Ultimate Fighting Championship (UFC) Welterweight knockout artists Mike Perry and Santiago Ponzinibbio this Saturday (Dec. 16, 2017) at UFC on FOX 26 inside Bell MTS Place in Winnipeg, Canada.
Perry entered UFC on short-notice and quickly showed potential, battering a UFC veteran to an early stoppage. He’s suffered one defeat during his rise, but Perry is still extremely young in his career and showing new skills to go alongside his massive power. Ponzinibbio, meanwhile, is another hard-hitting Welterweight who has come a long way since his Octagon debut. His wrestling and grappling defense has been shored up, allowing him to really let his hands fly and climbed into the Top 10 as a result.
Let’s take a look at the keys to victory for both athletes:
Key Wins: Jake Ellenberger (UFC Fight Night 108), Hyun Gyu Lim (UFC 202), Danny Roberts (UFC 204)
Key Losses: Alan Jouban (UFC on FOX 22)
Keys to Victory: Is Mike Perry a bit rough around the edges from a technical standpoint? Of course. Is he also a tremendously powerful athlete with very obvious natural instincts for violence? Absolutely. His rate of success is absolutely tremendous, as most UFC champions are picked up early in their pro careers, usually around year three or four.
Perry is five fights deep into his UFC career and just hit the three-year pro mark in September.
In this bout, Perry wants to close the distance and make this thing ugly. At range, his inexperience is more apparent, as Perry will lunge in with power strikes when a jab or kick would suit him better. In tight exchanges, however, Perry is remarkably accurate with brutal shots, and his clinch game is vicious as well.
Opposite Ellenberger, Perry showed the best range work of his career. In the first round, he landed more shots opposite the veteran, doing a lot of work with a switch-kick to the lead leg and body. He should make use of that kick and other methodical range strikes again, as Perry has to maneuver safely into the pocket before throwing heat.
Key Wins: Gunnar Nelson (UFC Fight Night 113), Sean Strickland (UFC Fight Night 61), Zak Cummings (UFC Fight Night 92), Nordine Taleb (UFC Fight Night 105)
Key Losses: Lorenz Larkin (UFC Fight Night 70), Ryan LaFlare (UFC Fight Night 32)
Keys to Victory: Ponzinibbio enters this bout on a five-fight win streak that includes a trio of knockout wins. His boxing has never looked sharper, as Ponzinibbio fires off crisp combinations of devastating shots.
In this bout, Ponzinibbio would be well-advised to avoid scrapping with Perry. Both men have the potential to knock the other out, but as the more technical man, Ponzinibbio has no incentive to risk his jawline unless forced to. Ponzinibbio has one of his division’s best jabs, one that can be thrown in a flash or with more impact behind it. Perry, meanwhile, is inconsistent with how he closes the distance and is often there to be hit.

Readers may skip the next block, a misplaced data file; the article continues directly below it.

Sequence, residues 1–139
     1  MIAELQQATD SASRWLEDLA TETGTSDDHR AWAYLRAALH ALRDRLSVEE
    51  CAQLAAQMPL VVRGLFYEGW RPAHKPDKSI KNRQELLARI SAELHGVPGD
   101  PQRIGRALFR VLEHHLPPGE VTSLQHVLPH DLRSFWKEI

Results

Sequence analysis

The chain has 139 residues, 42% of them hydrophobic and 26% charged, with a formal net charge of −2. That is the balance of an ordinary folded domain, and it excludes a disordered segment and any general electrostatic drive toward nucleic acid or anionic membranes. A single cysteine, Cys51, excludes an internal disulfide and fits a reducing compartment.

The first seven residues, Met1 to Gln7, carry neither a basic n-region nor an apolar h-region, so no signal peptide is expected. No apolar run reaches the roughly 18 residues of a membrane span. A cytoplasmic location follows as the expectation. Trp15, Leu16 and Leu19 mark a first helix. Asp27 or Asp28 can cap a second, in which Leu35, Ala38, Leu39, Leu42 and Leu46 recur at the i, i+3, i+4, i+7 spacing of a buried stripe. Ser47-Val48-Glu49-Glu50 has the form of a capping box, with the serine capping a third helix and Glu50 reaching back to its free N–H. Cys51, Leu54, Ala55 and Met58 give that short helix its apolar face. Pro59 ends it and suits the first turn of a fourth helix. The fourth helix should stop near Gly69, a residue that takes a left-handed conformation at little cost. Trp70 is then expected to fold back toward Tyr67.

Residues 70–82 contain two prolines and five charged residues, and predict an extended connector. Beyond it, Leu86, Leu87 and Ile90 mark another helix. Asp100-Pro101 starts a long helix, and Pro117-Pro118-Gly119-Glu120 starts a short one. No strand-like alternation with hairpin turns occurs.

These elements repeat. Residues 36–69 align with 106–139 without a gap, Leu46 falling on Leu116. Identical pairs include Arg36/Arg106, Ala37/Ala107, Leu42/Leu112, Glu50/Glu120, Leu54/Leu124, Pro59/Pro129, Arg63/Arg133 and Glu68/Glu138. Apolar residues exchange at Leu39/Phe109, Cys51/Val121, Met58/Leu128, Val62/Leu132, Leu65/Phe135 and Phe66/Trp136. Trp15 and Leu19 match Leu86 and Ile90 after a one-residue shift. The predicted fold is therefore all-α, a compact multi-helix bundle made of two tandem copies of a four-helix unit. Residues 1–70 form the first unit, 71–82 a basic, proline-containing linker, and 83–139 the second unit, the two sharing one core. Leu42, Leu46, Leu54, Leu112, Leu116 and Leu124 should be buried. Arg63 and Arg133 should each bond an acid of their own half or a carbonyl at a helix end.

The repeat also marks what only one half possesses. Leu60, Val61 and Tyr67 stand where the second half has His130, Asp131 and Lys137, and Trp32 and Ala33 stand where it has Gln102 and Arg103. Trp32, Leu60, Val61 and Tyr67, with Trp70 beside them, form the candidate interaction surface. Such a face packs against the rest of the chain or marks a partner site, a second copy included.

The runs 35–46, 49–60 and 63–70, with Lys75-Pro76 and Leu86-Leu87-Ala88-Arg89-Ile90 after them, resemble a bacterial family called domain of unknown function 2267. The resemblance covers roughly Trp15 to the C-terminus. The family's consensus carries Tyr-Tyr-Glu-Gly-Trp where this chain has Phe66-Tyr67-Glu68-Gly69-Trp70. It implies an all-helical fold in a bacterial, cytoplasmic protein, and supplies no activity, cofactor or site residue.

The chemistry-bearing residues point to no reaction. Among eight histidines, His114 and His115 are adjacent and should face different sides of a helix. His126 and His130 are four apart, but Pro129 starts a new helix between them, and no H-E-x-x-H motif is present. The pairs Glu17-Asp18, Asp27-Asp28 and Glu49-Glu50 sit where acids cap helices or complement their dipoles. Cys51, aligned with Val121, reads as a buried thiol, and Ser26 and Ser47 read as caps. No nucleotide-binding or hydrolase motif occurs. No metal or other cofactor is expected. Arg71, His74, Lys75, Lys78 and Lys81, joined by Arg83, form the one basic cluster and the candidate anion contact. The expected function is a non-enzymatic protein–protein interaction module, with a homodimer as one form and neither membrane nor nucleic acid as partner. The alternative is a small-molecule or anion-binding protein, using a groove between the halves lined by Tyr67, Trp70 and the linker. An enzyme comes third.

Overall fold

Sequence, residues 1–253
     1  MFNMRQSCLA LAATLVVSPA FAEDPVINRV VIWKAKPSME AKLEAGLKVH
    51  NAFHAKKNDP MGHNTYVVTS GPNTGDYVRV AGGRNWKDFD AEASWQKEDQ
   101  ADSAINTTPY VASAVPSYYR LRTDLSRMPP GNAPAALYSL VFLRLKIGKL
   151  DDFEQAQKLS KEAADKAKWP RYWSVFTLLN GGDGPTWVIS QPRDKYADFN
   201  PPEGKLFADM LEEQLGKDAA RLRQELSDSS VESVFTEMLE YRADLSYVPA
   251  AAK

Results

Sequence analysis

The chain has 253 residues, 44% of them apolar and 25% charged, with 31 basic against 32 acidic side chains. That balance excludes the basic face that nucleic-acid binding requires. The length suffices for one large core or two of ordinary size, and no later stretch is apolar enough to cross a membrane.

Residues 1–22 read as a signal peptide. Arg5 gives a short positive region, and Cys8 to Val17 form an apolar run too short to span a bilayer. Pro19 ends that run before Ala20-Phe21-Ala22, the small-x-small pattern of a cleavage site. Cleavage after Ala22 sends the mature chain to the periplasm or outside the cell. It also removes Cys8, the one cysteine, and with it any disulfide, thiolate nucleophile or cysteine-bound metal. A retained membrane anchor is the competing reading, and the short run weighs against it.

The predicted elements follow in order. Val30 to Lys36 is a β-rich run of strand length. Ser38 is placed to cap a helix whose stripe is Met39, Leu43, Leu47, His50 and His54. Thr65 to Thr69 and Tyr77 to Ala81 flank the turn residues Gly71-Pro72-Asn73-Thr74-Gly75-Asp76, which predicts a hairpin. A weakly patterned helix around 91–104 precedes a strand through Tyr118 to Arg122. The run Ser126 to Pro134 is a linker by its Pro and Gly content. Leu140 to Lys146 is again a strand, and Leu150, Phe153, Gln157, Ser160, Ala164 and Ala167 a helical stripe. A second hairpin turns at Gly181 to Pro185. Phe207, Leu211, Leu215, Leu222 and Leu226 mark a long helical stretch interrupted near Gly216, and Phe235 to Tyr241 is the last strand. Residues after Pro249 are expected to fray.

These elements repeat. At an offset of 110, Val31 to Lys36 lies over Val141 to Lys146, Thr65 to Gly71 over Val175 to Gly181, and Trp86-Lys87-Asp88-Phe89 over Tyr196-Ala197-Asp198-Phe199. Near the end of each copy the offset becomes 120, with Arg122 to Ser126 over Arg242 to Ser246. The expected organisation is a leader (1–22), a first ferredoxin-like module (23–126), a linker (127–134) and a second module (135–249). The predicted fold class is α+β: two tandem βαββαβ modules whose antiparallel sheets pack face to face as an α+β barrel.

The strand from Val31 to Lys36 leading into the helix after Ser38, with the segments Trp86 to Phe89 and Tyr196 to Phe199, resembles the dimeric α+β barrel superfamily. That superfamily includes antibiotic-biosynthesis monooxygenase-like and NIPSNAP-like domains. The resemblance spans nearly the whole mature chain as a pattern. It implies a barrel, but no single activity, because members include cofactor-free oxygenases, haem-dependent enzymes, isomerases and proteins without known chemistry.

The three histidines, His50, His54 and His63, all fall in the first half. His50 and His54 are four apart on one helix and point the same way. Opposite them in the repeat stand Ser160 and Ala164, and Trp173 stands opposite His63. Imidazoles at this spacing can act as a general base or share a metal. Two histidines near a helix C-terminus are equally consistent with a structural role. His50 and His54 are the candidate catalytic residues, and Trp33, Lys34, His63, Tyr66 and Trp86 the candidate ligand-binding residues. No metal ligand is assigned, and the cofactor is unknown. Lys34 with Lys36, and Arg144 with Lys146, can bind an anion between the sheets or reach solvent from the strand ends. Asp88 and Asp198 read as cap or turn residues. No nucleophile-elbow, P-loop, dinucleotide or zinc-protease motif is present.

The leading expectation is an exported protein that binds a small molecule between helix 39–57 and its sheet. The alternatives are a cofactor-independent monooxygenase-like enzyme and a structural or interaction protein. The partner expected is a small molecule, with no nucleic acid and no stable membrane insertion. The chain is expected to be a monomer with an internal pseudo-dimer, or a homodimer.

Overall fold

If Ponzinibbio can establish the jab early, his life will be so much easier. It’s a lot harder to push forward when your nose is being smashed at every step, and Ponzinibbio can do big damage if given room to work from the outside. Plus, repeated jabs will lead to desperate attempts to jump forward from “Platinum,” which could be just the opening Ponzinibbio needs to land a kill shot.
Bottom Line: This is an excellent fight between two of the division’s nastiest punchers.
Perry is a star in the making. He’s risen extraordinarily fast despite less-than-ideal training circumstances, and he shows nothing but potential inside the Octagon. It’s impossible to say whether that potential will be fully realized, but Perry’s charisma and punching power are a formidable combination.
This is a huge test for Perry. He’s been given a high-ranking opponent on a big win streak who likes to stand-and-bang, which gives Perry his best shot at succeeding. A win puts Perry in the Top 10 and could set up a contender eliminator match with Darren Till. If Perry loses, he likely needs another year and a few fights before trying to break into the 170-pound upper echelon again.
As for Ponzinibbio, he’s likely fighting for that No. 1 contender’s match with Till. Perry may not be quite as high up as the Argentinian, but he’s a hyped prospect who could extend Ponzinibbio’s win streak to six. Ponzinibbio’s performances are the best of his career, and he’s at precisely the point — both in terms of age and career length — where he should be in his prime. Simply put, if Ponzinibbio is to contend for a title, now is very much the time to make a run.
With the stakes so high, a loss would definitely hurt. It’s not easy to rack up wins at 170 pounds, so the pressure builds for Ponzinibbio the longer his win streak grows.
At UFC on FOX 26, Mike Perry and Santiago Ponzinibbio will go to war. Which man will remain standing when the dust settles?